Skip to main page content
Access keys NCBI Homepage MyNCBI Homepage Main Content Main Navigation
. 2015 Dec 24;528(7583):530-3.
doi: 10.1038/nature16155.

Quantum Superposition at the Half-Metre Scale

Affiliations

Quantum Superposition at the Half-Metre Scale

T Kovachy et al. Nature. .

Abstract

The quantum superposition principle allows massive particles to be delocalized over distant positions. Though quantum mechanics has proved adept at describing the microscopic world, quantum superposition runs counter to intuitive conceptions of reality and locality when extended to the macroscopic scale, as exemplified by the thought experiment of Schrödinger's cat. Matter-wave interferometers, which split and recombine wave packets in order to observe interference, provide a way to probe the superposition principle on macroscopic scales and explore the transition to classical physics. In such experiments, large wave-packet separation is impeded by the need for long interaction times and large momentum beam splitters, which cause susceptibility to dephasing and decoherence. Here we use light-pulse atom interferometry to realize quantum interference with wave packets separated by up to 54 centimetres on a timescale of 1 second. These results push quantum superposition into a new macroscopic regime, demonstrating that quantum superposition remains possible at the distances and timescales of everyday life. The sub-nanokelvin temperatures of the atoms and a compensation of transverse optical forces enable a large separation while maintaining an interference contrast of 28 per cent. In addition to testing the superposition principle in a new regime, large quantum superposition states are vital to exploring gravity with atom interferometers in greater detail. We anticipate that these states could be used to increase sensitivity in tests of the equivalence principle, measure the gravitational Aharonov-Bohm effect, and eventually detect gravitational waves and phase shifts associated with general relativity.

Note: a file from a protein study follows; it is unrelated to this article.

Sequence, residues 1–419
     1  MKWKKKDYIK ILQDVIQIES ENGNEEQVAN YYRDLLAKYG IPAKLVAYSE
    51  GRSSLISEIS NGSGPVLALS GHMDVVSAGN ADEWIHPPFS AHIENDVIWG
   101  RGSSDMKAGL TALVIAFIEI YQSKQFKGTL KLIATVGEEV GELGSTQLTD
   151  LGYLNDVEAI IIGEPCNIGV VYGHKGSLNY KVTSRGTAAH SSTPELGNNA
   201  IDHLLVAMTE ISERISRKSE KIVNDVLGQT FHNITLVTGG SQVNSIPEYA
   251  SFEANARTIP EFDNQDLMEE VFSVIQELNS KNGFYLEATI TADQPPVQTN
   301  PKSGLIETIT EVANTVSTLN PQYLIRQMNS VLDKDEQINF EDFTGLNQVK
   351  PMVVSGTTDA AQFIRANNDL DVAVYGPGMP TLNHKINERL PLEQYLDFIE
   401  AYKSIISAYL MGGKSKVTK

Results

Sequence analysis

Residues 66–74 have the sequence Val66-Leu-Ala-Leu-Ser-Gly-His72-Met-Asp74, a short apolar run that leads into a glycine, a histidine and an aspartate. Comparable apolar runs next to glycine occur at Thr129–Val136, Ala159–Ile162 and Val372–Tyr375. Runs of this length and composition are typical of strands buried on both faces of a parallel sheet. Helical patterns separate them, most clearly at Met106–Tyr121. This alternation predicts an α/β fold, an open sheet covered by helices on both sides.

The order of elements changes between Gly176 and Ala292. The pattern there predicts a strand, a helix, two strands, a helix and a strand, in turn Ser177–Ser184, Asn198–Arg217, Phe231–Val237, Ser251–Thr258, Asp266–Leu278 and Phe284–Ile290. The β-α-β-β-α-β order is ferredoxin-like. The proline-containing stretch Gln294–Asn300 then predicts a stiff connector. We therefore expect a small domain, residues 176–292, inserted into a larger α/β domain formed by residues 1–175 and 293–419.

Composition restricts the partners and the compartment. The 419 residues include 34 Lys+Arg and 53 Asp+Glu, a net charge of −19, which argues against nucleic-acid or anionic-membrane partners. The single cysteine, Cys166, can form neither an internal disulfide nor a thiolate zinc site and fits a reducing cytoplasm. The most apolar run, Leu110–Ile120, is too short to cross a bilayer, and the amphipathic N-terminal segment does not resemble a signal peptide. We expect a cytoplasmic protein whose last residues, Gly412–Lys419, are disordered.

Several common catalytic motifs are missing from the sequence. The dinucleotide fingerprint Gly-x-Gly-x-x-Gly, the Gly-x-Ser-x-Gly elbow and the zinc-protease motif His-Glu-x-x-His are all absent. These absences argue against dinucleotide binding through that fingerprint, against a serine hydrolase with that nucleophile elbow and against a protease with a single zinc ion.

Similar articles

See all similar articles

Cited by 16 articles

See all "Cited by" articles

References

    1. Phys Rev Lett. 2015 Apr 10;114(14):143004 - PubMed
    1. Phys Rev Lett. 2008 May 9;100(18):180405 - PubMed
    1. Nature. 2001 Sep 27;413(6854):400-3 - PubMed
    1. Phys Rev Lett. 2000 Nov 20;85(21):4498-501 - PubMed
    1. Nature. 2013 May 9;497(7448):227-30 - PubMed

Publication types

LinkOut - more resources

Feedback